• MPconblog Diane Finley 62 post Employment Insurance

                Mr. Speaker, the current Service Canada centre in Thetford Mines opened five years ago. At the time, that location was chosen by officials from Public Works and Government Services Canada because it was the lowest bidder in a fair and competitive process. The hon. member for Mégantic—L'Érable did not play any role.

                • MPlibblog Denis Coderre 124 post Pensions

                  Mr. Speaker, in Davos, the Prime Minister was probably stuck in his bubble, so he forgot that we have to look after our seniors. In Quebec, the Fédération de l'âge d'or du Québec has 265,000 members, some of whom reside in Mégantic—L'Érable, the riding represented by the Conservative government's Quebec lieutenant.

                  My question is simple: does he think that retirement age should be raised from 65 to 67, or does he agree with Rita Poulin, one of the presidents of the Saint-Méthode seniors association, that it is not even worth considering?

                  Whose side is he on: the Prime Minister's or his constituents'?

                  • MPlibblog justin-trudeau 116 post Political Party Financing

                    Mr. Speaker, the Prime Minister's Quebec lieutenant, the Minister of Natural Resources, was also an active participant in the Conservatives' election fraud.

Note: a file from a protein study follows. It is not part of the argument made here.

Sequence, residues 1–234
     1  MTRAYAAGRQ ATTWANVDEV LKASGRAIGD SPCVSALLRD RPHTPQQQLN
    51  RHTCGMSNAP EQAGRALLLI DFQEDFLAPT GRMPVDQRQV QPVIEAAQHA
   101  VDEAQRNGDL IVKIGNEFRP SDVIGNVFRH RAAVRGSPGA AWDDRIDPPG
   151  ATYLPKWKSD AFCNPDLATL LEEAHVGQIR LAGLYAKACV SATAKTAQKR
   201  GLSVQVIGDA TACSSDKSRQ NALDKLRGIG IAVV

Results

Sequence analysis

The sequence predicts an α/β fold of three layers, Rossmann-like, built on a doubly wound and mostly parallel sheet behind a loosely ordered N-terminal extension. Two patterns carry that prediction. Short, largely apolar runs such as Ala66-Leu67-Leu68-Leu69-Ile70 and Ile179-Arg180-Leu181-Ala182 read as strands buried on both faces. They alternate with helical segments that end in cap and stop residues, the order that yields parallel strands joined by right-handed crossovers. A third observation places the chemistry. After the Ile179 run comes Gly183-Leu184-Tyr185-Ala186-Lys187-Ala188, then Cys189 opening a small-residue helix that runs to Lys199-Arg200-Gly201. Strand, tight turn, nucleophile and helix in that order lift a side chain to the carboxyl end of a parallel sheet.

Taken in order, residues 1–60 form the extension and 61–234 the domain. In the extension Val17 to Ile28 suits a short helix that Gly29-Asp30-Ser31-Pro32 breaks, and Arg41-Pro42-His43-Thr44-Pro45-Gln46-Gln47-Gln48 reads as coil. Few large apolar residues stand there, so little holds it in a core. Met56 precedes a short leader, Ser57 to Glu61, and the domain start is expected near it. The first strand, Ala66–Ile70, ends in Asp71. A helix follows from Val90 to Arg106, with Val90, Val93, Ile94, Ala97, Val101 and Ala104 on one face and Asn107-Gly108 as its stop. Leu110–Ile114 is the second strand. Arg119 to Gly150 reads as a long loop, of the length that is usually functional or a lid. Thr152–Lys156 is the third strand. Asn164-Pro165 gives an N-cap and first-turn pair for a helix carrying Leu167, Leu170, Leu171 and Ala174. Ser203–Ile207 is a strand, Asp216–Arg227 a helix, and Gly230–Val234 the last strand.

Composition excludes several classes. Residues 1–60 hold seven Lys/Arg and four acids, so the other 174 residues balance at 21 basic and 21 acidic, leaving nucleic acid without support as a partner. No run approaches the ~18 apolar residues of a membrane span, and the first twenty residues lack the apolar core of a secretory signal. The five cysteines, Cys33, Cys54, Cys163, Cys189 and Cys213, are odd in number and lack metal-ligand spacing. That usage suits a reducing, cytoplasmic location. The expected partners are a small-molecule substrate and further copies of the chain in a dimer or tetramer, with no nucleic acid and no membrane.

In his riding of Mégantic—L'Érable, he tried to perform a little sleight of hand trick with $20,000 in false invoices. It did not work, however, since he was caught by Elections Canada. The Conservatives have been caught by the Federal Court of Appeal and the director of public prosecutions.

                    Will the minister pay back the money owed to the people of Mégantic—L'Érable?

                    • MPbloblog Pierre Paquette 127 post Public Works and Government Services

                      Mr. Speaker, the Leader of the Government in the House of Commons should not try to change the channel: it is his government that awards contracts, and we have yet another proof of that.

                      There is a disturbing fact in this story. There was no call for tenders when Multivesco, a few months after making contributions in the riding of Mégantic—L'Érable, was awarded a $300 million contract—again, this is not peanuts—for the construction of a federal building.

                      Will the Minister of Natural Resources and Quebec Conservative lieutenant admit that this is a system under which contracts are awarded and partisan contributions to the Conservative Party are expected?

                      • MPbloblog Pierre Paquette 98 post Public Works and Government Services

                        Mr. Speaker, it is not just in the riding of Bourassa that businesses—at least seven of them—were awarded contracts from the government and returned the favour by contributing to the Conservative Party fund. In the riding of Mégantic—L'Érable, of the then Minister of Public Works, two Multivesco officials each gave $1,000 and, a few months later, got a $300 million contract from the federal government.

                        Will the Minister of Natural Resources admit that, with at least eight such cases proven, this clearly looks like a scheme?

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Mégantic—L'Érable

The electoral district of Mégantic--L'Érable (Quebec) has a population of 87,078 with 69,864 registered voters and 196 polling divisions.